It’s frustrating for us writers when a literary agency doesn’t bother to get back to us. Having guarded our work so jealously for so long, at last we send it out and wait with bated breath, only for it to be passed around a room and laughed at by a bunch of jokers, before being unceremoniously consigned to the dustbin of history. At least this is what happens as far as we know – because nobody bothers to tell us otherwise. If my work is not good enough, then it’s not good enough. I do not think I deserve to be published end of. But I do need to know if I am below standard, in order to improve. Telling me nothing is not helpful. Below you will find a short story (500 words) that I wrote on this subject. It was written for a competition a few months ago… which I haven’t heard back from, of course. Anyway, I hope you enjoy.
Sometimes It Pays To Take A Closer Look
You should have taken that chance, shouldn’t you? Maybe then you wouldn’t be standing on the Strand outside McDonalds – nose pressed, breath misting against the glass, windowed away by poverty from the golden nuggets within.
“Carry on please sir.” An anxious employee, absurdly dressed in a khaki uniform, ushers you away. You continue to traipse along your lonely path. At least he was polite – plenty of them aren’t.
It hasn’t always been like this. Six months ago you were a top dog; a fat cat, to mix the metaphors. Even working for the most powerful literary agency in the country seemed beneath your talent. But a man’s got to earn a living, and the tips weren’t bad.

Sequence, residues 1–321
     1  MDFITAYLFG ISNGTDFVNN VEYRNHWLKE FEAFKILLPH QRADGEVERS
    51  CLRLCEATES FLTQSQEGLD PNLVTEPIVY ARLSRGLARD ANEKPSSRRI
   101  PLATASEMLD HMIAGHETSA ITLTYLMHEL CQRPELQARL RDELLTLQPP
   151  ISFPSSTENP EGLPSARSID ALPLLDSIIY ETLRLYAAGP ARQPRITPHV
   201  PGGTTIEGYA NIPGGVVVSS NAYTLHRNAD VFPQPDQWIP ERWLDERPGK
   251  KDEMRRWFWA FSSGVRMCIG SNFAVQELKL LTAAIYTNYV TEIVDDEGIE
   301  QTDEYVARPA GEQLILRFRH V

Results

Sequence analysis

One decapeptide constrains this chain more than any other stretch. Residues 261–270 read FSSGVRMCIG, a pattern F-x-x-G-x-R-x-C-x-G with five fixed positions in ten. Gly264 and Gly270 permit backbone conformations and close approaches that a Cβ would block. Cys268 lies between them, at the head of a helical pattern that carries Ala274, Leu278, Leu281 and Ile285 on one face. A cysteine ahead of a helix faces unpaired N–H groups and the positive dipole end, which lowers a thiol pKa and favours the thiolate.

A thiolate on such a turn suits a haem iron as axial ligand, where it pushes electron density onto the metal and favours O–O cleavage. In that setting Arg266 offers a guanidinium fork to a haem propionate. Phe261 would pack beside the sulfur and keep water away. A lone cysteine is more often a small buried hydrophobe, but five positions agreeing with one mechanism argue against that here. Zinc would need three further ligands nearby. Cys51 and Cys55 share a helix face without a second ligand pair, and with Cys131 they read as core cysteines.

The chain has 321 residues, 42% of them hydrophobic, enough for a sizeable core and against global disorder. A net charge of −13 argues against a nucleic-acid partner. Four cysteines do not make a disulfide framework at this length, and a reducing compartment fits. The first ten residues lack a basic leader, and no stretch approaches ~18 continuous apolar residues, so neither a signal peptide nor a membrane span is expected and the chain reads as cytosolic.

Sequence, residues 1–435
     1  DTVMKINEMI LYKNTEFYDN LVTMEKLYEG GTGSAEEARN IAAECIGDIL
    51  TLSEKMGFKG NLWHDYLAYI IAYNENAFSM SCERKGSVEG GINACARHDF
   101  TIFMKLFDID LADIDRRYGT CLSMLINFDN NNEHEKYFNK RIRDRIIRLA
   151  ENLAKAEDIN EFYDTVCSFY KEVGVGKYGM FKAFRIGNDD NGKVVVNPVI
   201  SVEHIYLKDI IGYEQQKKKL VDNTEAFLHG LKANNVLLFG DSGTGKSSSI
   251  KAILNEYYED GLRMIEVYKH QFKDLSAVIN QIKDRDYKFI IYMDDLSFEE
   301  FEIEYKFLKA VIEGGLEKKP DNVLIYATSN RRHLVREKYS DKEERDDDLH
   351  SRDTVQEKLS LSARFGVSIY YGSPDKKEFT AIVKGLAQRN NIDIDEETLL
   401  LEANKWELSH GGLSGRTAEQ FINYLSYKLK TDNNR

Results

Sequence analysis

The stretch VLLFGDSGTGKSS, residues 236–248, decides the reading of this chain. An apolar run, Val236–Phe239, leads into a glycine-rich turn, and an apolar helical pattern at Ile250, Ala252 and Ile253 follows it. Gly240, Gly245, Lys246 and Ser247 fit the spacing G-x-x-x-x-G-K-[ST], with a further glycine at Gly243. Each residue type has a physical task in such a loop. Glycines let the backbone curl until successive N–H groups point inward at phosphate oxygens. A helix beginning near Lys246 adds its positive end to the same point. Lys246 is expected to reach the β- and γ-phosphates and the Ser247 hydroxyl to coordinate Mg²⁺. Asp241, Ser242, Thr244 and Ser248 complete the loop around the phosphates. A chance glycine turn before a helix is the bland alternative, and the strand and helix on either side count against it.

It was a Friday night; you remember it because it was somebody’s birthday. A girl’s – you didn’t know her name but you knew by the way she’d pressed her breasts together when giving you the invitation that it would be worth your while. You reached for the last file in your tray, humming Loick Essien’s ‘That’s just how we roll’, (although in your mind you’d replaced the first person plural with the singular).
The file was unusually thin; it was if the author expected his work to stand by its own merits. Laughable. The synopsis wasn’t awful, so you turned to the first chapter. That wasn’t bad either. Just as you were beginning to get really involved, Doug stuck his head into your office.
“It’s five mate, you coming?”
You looked up. “Yeah I’ll be there in a bit.”
Doug nodded to the file in your hand. “Onto something?”
“I don’t know. Probably not.”
“Who’s it by?”
You searched the covering letter for the name. You didn’t recognise it. “Never heard of him,” you said.
Doug grinned. “Then bin it. Lets go!”
“Just give us a sec. I’ll meet you there.”
Doug tapped his hands on the door, one after the other in quick succession. “In a bit then,” he said.
“In a bit.”
He left and you turned again to the file. But you couldn’t concentrate anymore. Doug was right – you should bin it.You’d never heard the name before; likelihood was you’d never hear it again. Besides by then it was ten past five. You got your coat and hastened to join the celebrations.
You should have taken that chance. Next month a new book topped the charts. It was written, they said, by a nobody. Your boss soon found out that you’d been the one to let it slip through your hands. It all turned sour from there.
That’s why when I pass you now, on the way to the signing of my second book, you’re ferreting around in the mud for scraps. Seeing you, I stop, and with a generosity you would never have shown me, I take a note from out of my bulging wallet and press it into your grubby, snatching hands. “Here you are sir,” I say, “go buy yourself a meal.”